What happens in the brain when we eat something sweet
How sugar affects the brain
Sugar is a general term used to describe a class of molecules - called carbohydrates - found in a wide variety of foods and drinks. Just check the labels of the sweet products you buy.
Glucose, fructose, sucrose, maltose, lactose, dextrose, and starch are all forms of sugars. So are high fructose corn syrup, fruit juice, raw sugar and honey. Sugars are not only in candy and sweets. They are also added to tomato sauces, yogurt, dried fruit, flavored water, or cereal bars.
Since sugar is everywhere, it's important to understand how it affects the brain.
What happens when sugars reach your tongue? And why does eating a small amount of sugar make us crave more?
Eat a spoonful of cereal. The sugars they contain activate the sweet taste receptors, part of the taste buds on the tongue. These receptors send a signal to the brainstem which from there branches out to many parts of the forebrain, one of which is the cerebral cortex
Different parts of the cerebral cortex process different tastes: bitter, salty and sweet. From there, the signal activates it brain reward system. This reward system is a series of electrical and chemical pathways along its various regions. It's a complex web, but it helps answer a single, subconscious question: Should I do it again? That warm, fuzzy feeling you get when you taste a chocolate cake e.g. This is your reward system saying, “Mmm, yes”! And it's not just triggered by food. Socialization, sexual behavior, and drugs are just a few examples of things and experiences that also activate the reward system.
But the overactivation of the reward system triggers a series of unpleasant events: loss of control, cravings and increased sugar tolerance.
Let's go back to the spoonful of cereal: It travels down, into your stomach and eventually into your intestine. There are sugar receptors here too. They're not taste buds, but they send signals to your brain telling it that you've reached satiety or that your body should produce more insulin to deal with the extra sugar you're eating.
The main constituent of our reward system is dopamine, an important chemical or neurotransmitter. There are many dopamine receptors in the forebrain but they are not evenly distributed. Some areas have dense clusters of receptors. These dopamine points are part of our reward system. Drugs such as alcohol, nicotine, or heroin cause an over-secretion of dopamine, making us constantly seek this pleasurable sensation. In other words, they make us addicted. Sugar also creates a release of dopamine, but not as violently as drugs. And sugars are rarely found in foods that trigger dopamine release. Broccoli for example has no effect, which probably explains why it is so hard to get kids to eat their vegetables!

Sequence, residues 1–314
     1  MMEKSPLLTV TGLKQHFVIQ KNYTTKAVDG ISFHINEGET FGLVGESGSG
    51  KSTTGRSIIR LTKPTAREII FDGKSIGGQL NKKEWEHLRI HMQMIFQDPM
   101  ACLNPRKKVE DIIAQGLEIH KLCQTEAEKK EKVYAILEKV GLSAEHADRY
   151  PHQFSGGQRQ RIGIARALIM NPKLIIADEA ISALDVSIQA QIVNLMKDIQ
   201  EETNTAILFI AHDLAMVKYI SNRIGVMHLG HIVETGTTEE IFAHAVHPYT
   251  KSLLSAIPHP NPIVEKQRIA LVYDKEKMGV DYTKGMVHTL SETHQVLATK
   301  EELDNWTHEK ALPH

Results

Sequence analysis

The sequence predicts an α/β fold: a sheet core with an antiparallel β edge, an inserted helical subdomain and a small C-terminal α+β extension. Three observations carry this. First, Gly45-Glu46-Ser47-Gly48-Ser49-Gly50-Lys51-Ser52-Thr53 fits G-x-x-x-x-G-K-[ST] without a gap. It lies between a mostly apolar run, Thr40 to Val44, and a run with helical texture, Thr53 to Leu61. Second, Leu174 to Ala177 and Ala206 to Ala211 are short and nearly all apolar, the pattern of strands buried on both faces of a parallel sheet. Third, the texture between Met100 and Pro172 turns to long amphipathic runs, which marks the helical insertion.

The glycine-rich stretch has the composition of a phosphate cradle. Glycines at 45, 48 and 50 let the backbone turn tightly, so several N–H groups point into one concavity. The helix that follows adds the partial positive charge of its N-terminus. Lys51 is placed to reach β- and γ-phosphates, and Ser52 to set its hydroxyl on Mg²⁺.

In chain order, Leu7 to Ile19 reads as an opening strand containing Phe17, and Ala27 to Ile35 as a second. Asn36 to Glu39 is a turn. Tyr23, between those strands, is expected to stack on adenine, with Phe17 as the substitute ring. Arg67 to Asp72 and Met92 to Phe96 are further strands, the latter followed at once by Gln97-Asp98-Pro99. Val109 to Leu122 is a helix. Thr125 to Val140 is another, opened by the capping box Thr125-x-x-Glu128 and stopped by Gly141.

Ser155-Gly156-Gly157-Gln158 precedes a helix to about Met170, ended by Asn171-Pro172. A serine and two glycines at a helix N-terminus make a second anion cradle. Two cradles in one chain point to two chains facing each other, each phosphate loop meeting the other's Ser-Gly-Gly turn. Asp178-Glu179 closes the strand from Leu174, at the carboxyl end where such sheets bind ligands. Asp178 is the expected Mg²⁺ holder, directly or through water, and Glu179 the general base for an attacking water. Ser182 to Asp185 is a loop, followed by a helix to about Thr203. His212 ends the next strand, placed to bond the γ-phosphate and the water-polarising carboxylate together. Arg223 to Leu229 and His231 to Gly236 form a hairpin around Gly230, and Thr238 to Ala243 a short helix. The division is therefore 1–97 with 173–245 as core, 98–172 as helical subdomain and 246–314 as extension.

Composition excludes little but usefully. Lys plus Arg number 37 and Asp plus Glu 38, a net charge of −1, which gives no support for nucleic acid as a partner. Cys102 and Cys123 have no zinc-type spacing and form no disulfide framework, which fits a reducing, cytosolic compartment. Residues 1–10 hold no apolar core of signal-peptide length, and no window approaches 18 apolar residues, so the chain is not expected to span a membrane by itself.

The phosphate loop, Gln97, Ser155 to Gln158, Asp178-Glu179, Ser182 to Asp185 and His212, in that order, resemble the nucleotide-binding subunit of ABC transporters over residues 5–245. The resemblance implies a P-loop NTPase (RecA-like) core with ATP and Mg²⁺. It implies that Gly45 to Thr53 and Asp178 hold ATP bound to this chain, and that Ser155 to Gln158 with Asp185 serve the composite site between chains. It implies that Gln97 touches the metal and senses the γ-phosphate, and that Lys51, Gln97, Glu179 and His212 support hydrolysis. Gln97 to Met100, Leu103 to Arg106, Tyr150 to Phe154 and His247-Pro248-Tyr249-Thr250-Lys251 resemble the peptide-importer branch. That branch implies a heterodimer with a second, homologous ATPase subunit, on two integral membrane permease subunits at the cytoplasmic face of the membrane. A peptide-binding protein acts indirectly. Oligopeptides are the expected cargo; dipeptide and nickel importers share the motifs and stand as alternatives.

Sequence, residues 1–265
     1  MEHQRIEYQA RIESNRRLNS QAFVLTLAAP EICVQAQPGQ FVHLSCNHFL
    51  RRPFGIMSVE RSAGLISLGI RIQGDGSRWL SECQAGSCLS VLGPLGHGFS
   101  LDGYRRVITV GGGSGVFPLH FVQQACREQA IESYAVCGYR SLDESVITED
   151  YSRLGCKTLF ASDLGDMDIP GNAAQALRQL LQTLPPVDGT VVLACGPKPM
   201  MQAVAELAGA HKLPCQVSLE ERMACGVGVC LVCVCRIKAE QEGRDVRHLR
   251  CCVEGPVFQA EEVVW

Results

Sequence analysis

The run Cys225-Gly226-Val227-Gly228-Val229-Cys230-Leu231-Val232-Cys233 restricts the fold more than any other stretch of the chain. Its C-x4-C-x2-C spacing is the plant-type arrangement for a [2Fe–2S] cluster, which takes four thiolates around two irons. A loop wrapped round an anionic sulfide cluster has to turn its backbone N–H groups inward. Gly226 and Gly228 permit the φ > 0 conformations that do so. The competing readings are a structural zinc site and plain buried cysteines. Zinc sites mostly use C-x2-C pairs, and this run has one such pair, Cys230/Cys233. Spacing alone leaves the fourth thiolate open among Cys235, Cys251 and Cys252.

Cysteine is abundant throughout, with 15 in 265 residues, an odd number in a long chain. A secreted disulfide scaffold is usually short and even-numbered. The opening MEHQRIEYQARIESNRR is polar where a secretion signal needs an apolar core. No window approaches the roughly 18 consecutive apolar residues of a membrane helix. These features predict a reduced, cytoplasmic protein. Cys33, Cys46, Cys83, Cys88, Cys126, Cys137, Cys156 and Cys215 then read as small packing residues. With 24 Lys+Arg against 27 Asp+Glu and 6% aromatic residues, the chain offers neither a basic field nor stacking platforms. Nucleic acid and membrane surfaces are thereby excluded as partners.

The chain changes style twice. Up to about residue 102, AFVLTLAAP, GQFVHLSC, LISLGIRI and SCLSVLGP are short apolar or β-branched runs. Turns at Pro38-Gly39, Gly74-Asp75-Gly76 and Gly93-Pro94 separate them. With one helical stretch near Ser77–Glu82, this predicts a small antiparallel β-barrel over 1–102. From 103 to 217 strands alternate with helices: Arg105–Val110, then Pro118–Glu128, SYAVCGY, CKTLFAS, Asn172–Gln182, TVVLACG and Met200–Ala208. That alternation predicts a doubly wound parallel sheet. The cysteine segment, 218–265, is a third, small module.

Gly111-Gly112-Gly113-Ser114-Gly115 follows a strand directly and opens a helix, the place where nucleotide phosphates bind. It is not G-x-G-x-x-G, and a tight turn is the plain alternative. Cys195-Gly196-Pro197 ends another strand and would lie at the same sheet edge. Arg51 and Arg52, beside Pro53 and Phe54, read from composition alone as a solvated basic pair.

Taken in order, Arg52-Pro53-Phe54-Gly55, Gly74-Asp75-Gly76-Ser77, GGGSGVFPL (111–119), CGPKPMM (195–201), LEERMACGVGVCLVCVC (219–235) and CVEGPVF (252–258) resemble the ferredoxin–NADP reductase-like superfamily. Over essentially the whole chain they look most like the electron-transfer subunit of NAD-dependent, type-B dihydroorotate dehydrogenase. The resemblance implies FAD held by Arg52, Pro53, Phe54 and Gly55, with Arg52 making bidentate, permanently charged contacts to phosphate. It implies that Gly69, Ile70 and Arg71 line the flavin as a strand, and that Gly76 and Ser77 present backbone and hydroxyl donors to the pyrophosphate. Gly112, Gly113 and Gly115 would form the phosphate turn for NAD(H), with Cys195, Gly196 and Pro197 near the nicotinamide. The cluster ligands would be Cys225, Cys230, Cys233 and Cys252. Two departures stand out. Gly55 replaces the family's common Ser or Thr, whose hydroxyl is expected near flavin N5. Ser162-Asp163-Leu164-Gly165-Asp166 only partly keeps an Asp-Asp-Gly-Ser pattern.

Speaking of healthy foods, let's say you're hungry and decide to eat a balanced meal. You do, and dopamine levels rise in reward system points. But if you eat the same food over and over, over several days your dopamine levels will increase less and less until they eventually balance out. This is because - when it comes to food - the brain evolved to pay special attention to new or different tastes. Why; Two reasons: first, to detect food that has gone bad, and second, because the more variety we have in our diet, the more likely we are to get all the nutrients we need. To have variety, we must be able to recognize a new food. More importantly, we need to want to keep eating new foods.
And for this reason, dopamine balances out when a food becomes "boring".
Let's go back to the moment of the meal. What happens if instead of a healthy, balanced meal, you eat food rich in sugar? If you rarely eat sugar or don't eat a lot at a time, the effect is similar to that of a balanced meal. But if you eat too much sugar, the dopamine response is unbalanced. In other words, if we eat a lot of sugar we will still feel rewarded. In this way, sugar behaves a bit like a drug. It's one reason why people seem to be addicted to sugary foods.
So think about all these different kinds of sugars. Each one is unique, but every time you consume any kind of sugar, it starts a domino effect in the brain that triggers a satisfying feeling. Excessive, very frequent consumption of sugar causes us to escape nutritionally. So yes, eating too much sugar can have addictive effects on the brain, but a piece of cake every now and then won't hurt you.